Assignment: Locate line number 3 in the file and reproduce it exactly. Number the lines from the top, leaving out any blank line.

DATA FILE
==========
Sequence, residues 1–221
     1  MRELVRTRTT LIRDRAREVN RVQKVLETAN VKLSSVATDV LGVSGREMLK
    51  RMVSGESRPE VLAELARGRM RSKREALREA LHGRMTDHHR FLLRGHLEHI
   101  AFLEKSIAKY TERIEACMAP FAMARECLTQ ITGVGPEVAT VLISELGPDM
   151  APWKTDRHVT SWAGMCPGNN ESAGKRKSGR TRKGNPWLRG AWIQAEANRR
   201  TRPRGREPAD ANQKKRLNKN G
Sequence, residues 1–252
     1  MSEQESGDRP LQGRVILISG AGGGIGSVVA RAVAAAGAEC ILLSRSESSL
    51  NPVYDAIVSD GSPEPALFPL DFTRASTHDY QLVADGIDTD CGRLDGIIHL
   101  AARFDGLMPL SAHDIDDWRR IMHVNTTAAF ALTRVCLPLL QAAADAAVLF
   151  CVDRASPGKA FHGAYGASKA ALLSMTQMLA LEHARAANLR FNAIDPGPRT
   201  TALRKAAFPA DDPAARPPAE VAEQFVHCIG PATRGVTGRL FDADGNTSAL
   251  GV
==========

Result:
    51  RMVSGESRPE VLAELARGRM RSKREALREA LHGRMTDHHR FLLRGHLEHI